Tuesday, March 04, 2008

"he drew great mud"

I came across a review of a book on Bill Mauldin and thought I'd show off some of his cartoons. Famous for the Willie and Joe panels that appeared in the Army newspaper, Stars and Stripes, during World War II, he became a successful editorial cartoonist in later life.

Here's the lead of the review:
‘He Drew Great Mud’ by DAVID MICHAELIS
Published: March 2, 2008

Until surprisingly late in World War II, Army cartooning consisted of gags about mean old drill sergeants and raw recruits on K.P. duty. Then came Bill Mauldin, an impish rifleman from the 180th Infantry Regiment, who volunteered as a cartoonist for The 45th Division News. On July 10, 1943, he stumbled ashore, pistol drawn, in the Allied invasion of Sicily and went on to fight in the Italian campaign while turning the raw material of the front into captioned panel cartoons, often at the expense of superiors in the rear. Mauldin listened to his fellow dogfaces in their foxholes and sketched quickly, sometimes rendering finished work on the back of whatever scrap he could find in the rubble.
I hope these explain themselves. I've tried not to put in anything that's explicitly in copyright and claim fair use where I'm mistaken.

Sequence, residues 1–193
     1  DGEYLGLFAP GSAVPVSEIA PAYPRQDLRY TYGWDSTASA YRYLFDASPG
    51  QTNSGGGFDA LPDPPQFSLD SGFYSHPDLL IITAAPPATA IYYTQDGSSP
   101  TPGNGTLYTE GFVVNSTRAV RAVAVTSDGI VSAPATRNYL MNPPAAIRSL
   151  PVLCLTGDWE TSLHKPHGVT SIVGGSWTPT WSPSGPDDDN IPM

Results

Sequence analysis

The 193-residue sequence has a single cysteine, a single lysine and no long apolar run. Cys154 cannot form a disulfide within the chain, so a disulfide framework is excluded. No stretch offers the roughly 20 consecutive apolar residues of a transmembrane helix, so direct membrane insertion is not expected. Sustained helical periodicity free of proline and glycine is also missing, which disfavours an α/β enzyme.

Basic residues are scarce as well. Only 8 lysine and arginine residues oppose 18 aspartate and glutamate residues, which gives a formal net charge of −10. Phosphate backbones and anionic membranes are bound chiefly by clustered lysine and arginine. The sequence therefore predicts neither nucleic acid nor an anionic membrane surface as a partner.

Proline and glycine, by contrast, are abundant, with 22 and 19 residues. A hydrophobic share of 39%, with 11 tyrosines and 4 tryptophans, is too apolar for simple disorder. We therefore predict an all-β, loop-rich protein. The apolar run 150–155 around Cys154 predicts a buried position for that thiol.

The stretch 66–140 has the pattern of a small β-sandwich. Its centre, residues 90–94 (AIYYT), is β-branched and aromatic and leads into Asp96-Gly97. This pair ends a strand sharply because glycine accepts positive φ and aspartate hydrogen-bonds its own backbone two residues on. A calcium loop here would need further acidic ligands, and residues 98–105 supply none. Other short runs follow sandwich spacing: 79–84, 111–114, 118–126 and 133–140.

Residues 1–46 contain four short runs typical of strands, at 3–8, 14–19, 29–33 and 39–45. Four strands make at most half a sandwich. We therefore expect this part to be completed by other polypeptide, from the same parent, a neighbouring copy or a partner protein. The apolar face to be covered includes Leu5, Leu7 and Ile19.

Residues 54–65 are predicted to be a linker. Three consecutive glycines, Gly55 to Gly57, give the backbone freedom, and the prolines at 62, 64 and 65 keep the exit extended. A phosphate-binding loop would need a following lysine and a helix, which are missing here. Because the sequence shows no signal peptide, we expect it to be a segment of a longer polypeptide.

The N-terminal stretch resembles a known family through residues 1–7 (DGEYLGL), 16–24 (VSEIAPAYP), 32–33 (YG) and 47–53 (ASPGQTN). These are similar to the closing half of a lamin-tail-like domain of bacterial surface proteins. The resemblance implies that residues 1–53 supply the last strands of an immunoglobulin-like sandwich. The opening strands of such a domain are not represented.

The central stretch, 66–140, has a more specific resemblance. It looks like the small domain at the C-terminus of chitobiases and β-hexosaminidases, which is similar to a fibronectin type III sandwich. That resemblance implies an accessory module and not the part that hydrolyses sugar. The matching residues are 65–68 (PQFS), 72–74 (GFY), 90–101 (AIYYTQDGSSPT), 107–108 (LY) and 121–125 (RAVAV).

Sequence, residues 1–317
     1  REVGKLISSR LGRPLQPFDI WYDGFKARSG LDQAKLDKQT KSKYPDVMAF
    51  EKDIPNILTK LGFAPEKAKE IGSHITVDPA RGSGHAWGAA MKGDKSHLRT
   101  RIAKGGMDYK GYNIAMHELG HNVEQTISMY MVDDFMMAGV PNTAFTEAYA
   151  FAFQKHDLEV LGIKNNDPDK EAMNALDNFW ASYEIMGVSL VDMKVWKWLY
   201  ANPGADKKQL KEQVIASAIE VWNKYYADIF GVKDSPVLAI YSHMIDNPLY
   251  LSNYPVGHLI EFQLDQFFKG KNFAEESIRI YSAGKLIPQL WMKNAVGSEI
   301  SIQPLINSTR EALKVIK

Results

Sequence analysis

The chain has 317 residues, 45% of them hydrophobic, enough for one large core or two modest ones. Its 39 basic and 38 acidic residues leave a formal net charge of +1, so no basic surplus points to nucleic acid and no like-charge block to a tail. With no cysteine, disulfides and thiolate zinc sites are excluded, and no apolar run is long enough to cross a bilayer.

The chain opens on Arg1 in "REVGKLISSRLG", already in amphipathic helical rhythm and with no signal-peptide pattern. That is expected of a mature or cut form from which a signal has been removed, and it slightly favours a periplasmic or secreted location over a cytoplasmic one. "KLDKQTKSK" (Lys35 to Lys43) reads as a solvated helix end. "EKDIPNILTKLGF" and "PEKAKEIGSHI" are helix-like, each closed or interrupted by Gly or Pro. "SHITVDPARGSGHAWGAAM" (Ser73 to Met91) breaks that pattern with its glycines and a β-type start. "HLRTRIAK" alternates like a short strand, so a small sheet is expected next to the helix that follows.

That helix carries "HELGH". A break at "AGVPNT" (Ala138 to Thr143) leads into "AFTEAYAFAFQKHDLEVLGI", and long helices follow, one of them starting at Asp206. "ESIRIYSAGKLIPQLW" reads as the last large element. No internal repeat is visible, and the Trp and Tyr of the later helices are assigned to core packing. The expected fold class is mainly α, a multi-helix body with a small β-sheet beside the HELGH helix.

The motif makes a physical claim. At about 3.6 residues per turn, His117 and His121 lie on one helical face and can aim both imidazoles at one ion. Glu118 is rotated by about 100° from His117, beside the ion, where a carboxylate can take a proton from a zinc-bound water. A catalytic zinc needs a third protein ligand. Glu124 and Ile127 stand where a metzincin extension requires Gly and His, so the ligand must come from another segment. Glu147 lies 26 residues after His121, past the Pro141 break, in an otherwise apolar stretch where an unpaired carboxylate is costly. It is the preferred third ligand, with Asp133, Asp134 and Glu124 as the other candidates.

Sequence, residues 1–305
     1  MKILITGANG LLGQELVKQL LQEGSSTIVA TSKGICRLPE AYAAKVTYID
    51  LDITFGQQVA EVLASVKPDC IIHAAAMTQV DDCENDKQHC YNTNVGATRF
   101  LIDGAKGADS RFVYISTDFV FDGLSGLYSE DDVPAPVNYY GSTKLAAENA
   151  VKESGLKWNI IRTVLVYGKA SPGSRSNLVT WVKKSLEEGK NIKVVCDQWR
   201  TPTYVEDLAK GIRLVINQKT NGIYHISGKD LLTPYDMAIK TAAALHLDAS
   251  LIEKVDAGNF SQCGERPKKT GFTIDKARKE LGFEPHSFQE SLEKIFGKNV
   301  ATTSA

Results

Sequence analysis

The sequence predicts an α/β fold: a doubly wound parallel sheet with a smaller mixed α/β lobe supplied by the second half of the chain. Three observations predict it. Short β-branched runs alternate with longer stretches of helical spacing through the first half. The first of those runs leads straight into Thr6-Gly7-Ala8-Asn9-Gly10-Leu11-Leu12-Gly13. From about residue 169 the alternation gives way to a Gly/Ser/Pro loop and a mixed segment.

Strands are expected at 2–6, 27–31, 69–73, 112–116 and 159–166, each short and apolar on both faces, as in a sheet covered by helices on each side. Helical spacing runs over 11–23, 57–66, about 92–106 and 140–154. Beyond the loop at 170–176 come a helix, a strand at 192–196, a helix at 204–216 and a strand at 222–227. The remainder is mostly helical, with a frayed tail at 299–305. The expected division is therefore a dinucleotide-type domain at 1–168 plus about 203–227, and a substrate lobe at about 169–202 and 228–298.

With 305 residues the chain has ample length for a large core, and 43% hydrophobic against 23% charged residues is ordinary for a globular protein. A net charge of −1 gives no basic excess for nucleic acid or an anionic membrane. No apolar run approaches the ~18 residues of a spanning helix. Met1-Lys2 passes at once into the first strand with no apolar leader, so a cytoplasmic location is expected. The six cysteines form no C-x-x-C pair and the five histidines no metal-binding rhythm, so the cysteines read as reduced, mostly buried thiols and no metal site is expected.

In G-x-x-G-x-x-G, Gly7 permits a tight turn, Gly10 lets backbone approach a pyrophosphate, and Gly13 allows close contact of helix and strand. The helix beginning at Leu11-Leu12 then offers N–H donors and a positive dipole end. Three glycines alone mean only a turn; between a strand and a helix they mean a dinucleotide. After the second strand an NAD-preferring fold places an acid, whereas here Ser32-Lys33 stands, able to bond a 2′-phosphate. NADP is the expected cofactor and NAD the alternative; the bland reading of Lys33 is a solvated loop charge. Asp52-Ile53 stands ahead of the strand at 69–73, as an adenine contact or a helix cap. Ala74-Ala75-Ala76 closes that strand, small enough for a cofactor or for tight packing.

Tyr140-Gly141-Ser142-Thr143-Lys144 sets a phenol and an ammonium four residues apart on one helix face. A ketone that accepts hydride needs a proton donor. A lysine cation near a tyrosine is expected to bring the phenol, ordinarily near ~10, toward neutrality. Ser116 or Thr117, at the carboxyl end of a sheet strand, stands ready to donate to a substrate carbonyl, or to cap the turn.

Fresh, spirited American troops, flushed with victory,
are bringing in thousands of hungry, ragged,
battle-weary prisoners. (News item)

"Radio th' ol' man we'll be late on account of a thousand-mile detour."

"Them buttons wuz shot off when I took this town, sir."

"Able Fox Five to Able Fox. I got a target but ya gotta be patient."

"I'll let ya know if I find th' one wot invented th' 88."

"Nonsense. S-2 reported that machine gun silenced hours ago. Stop wiggling your fingers at me."

"You blokes leave an awfully messy battlefield."

"Ya don't git combat pay 'cause ya don't fight."

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